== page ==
General Yakubu Gowon  ruled the country  at a time  Nigeria  experienced  an unprecedented wealth from the  oil  boom  of the  1970s.  Apart from  the mismanagement of the  economy, the Gowon regime  was  enmeshed in  deep-seated corruption.  By  1974, reports of  unaccountable  wealth of Gowon’s military  governors and other public  office holders  had  become the  crux  of discussion in the  various Nigerian dailies.  Thus, in  July 1975,  the  Gowon  administration  was toppled by General Murtala Mohammed through  a coup d’état.  The  coup of  1975, among  other things,  was an attempt  to end corruption  in the  public  service.  General  Murtala  Mohammed began by declaring  his assets and asking all  government officials to follow  suit.  He  instituted a  series of probes of past leaders. The Federal Assets Investigation Panel of 1975 found ten of  the  twelve state military  governors in the  Gowon  regime guilty  of corruption.  The  guilty  persons were  dismissed from the military  services  with ignominy. They were  also  forced to  give  up  ill-acquired properties considered to be  in  excess of  their  earnings  (M.  O. Maduagwu  quoted  in  Gboyega, 1996:3).

The  Second Republic, under President Shehu Shagari,  witnessed  a  resurgence  of corruption.  The Shagari  administration was marked by  spectacular  government corruption,  as the  President  did nothing to  stop the  looting  of public  funds by  elected officials.  Corruption among  the  political leaders  was amplified due  to greater  availability of  funds.  It was claimed that over $16  billion in oil revenues were lost  between 1979 and 1983 during  the  reign of President  Shehu  Shagari.  It became quite  common, for federal buildings  to  mysteriously  go  up in  flames,  most  especially just  before  the onset of ordered  audits of government accounts,  making  it  impossible to discover written evidence of  embezzlement and fraud (Dash, 1983).  True  to his nature,  President  Shehu Shagari was too  weak in  his administration of  the country.  A soft-spoken  and mild mannered gentleman Shagari was pathetic in  his inability  to  call  his ministers and political lieutnants to order or  stop  them  from  embezzling  state funds.   No politician symbolised  the graft and  avarice  under Shagari’s  government  more  than  his combative Transport Minister, Alhaji  Umaru Dikko, who was alleged to have  mismanaged about N4 billion of  public  fund meant for  the  importation of  rice.

However, on  31st  December  1983, General Muhammadu  Buhari led  a  popular  coup  that again rescued the  economy  from the  grip of  corrupt politicians of  the Second  Republic. The  1983 coup was carried out  with the  aim  of halting  corruption and  restoring discipline, integrity  and  dignity to public  life.  General  Buhari’s regime  promised to bring corrupt officials and their  agents to book.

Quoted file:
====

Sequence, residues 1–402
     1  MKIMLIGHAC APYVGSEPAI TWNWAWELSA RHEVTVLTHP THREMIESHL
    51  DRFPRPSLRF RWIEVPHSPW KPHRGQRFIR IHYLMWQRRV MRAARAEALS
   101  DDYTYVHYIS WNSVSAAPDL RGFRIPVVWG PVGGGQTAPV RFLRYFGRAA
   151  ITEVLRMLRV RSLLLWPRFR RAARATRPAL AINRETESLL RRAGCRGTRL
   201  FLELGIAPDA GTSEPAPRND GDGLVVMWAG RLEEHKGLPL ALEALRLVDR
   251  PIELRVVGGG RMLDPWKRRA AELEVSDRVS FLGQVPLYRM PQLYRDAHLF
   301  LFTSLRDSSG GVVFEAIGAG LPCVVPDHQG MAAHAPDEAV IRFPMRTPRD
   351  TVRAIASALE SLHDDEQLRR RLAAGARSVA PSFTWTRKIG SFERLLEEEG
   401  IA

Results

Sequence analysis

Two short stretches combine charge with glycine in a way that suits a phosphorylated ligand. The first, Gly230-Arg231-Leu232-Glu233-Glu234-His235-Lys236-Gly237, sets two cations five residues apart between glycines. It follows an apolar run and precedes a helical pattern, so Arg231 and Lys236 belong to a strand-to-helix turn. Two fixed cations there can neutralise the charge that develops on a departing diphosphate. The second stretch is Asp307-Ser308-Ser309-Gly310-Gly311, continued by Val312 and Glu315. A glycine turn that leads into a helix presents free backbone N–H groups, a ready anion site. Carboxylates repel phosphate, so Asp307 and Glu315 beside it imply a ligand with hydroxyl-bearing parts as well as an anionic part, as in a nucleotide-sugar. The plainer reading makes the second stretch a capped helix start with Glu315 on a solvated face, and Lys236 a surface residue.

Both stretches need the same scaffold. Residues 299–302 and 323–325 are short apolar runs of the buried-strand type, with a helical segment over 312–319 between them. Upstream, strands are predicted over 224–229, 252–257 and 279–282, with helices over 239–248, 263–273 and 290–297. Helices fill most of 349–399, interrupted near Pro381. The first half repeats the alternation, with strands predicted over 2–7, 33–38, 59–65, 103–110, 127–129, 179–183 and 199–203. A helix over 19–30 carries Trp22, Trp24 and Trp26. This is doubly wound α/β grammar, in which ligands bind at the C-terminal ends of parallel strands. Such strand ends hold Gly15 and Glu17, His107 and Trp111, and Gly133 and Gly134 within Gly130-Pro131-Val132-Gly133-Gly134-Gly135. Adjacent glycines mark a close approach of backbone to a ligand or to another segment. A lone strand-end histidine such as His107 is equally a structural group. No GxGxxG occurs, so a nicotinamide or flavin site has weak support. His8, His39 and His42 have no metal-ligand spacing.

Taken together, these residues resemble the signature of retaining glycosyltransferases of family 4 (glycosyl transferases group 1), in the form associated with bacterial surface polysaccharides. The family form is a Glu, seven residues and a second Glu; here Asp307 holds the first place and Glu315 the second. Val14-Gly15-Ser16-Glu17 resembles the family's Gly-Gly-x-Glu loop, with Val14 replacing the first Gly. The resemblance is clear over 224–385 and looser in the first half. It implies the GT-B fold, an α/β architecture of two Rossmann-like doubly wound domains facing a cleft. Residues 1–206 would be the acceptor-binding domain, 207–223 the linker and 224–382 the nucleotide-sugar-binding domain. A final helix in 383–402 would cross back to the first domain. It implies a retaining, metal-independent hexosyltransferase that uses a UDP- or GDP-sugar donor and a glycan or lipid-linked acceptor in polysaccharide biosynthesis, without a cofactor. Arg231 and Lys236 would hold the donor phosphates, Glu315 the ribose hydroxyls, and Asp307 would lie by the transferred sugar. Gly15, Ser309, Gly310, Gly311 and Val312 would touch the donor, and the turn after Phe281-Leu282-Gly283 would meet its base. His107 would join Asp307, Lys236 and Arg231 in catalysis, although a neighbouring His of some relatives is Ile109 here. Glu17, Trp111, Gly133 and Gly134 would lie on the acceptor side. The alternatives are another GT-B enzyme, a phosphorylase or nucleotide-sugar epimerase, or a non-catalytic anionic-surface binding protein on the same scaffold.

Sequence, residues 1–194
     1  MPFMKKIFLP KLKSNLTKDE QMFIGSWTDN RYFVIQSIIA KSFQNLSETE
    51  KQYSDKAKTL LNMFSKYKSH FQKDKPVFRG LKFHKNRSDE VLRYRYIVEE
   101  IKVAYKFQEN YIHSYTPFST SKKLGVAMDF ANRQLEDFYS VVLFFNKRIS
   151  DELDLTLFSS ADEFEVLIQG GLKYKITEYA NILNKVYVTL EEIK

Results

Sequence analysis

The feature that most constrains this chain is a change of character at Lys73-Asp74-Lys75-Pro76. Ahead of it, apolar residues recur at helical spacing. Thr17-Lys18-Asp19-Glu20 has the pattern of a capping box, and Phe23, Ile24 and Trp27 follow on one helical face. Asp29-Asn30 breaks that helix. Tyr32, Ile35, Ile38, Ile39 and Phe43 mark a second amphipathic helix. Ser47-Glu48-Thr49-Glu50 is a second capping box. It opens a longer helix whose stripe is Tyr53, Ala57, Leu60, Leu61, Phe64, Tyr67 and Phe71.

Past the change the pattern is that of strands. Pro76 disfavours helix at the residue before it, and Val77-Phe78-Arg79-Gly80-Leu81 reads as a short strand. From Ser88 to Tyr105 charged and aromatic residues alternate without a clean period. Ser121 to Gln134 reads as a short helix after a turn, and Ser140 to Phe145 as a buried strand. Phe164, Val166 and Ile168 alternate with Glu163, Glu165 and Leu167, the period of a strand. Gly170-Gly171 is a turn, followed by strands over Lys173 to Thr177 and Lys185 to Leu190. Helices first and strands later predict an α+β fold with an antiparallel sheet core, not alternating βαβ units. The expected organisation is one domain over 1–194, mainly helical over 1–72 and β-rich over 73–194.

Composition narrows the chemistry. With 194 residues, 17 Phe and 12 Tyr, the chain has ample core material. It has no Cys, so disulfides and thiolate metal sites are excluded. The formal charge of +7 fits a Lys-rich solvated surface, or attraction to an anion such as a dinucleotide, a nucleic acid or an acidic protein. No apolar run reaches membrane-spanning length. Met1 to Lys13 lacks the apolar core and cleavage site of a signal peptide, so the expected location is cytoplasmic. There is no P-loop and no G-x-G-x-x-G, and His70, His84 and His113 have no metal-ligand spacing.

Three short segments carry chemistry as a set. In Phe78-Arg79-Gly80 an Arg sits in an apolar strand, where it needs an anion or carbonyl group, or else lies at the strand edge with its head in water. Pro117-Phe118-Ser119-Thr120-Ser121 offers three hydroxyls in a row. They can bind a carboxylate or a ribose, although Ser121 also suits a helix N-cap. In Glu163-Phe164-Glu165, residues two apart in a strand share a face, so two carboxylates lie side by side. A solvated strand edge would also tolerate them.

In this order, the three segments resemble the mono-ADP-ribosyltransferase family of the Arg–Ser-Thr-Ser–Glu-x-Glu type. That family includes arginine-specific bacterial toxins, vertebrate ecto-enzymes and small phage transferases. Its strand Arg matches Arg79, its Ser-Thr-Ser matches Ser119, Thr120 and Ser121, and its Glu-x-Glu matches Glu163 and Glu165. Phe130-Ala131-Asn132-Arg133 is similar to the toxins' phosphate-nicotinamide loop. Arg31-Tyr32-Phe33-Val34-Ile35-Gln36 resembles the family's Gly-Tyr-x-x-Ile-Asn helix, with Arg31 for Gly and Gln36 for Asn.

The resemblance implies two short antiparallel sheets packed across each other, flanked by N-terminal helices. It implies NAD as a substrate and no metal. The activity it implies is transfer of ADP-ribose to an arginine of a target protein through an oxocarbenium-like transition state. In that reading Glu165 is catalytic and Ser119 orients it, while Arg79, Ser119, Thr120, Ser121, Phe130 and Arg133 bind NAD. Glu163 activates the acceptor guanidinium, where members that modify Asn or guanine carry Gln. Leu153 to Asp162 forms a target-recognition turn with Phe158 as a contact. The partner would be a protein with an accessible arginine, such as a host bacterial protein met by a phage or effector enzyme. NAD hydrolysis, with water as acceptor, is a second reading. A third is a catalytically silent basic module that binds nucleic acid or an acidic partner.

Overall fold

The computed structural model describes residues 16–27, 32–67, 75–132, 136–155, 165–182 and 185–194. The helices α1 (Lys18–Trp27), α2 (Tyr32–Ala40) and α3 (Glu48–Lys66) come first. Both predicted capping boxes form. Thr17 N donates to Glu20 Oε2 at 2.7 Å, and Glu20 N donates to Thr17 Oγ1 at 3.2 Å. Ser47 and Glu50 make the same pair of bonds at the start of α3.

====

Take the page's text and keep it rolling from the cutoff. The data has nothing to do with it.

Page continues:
Consequently,  state  governors  and commissioners  were arrested  and brought before tribunals of inquiry. The  new  Buhari regime,  which  scarcely  showed respect for  human rights in its bid to entrench discipline and sanity  in public  life,  was  toppled  by  the General  Ibrahim  Babangida  in a  bloodless  inhouse  coup  on  27th  August  1985.

The  next thirteen  years saw no serious attempt to stop corruption.  If anything,  corruption reached an alarming  rate and  became institutionalized during  Babangida’s regime. Leaders found  guilty  by  tribunals under  the  Murtala  Mohammed and Mohammadu Buhari  regimes found  their  way  back to  public  life  and recovered  their  seized properties.  According  to Maduagwu: Not only  did the  regime  encourage  corruption by pardoning corrupt officials convicted by  his  predecessors and returning  their seized properties, the regime officially sanctioned corruption in the country  and made  it  difficult to apply  the only  potent measures, long  prison terms and seizure  of ill-gotten wealth, for fighting  corruption in Nigeria in the future (Maduagwu quoted in Gboyega, 1996: 5).

In the  face  of intense  public  opposition to his rule,  General  Babangida  reluctantly handed the reins  of  government to a  non-elected military-civilian  Interim National Government  on 26th  August 1993 which was later  ousted from power by the military under the  leadership of  General Sani Abacha  on  17th November  1993. Abacha’s regime only  furthered the  deep-seated  corrupt  practices, which  already characterised public  life since  the inception of  the  Babangida  regime.  Under General Abacha,  corrupt practices became blatant  and systematic.

General  Abacha  and his  family  alongside  his associates  looted Nigeria's coffers with reckless abandon. The  extent of  Abacha’s  venality  seemed  to have  surpassed that of other notorious African rulers,  such as Mobutu  Sese  Seko of  Zaire  (now  called the Democratic Republic  of Congo).  It  was estimated that the embezzlement of public  funds and corruption proceeds  of General Abacha  and his  family  amounted to USD  4 billion (International Centre  for Asset Recovery, 2009).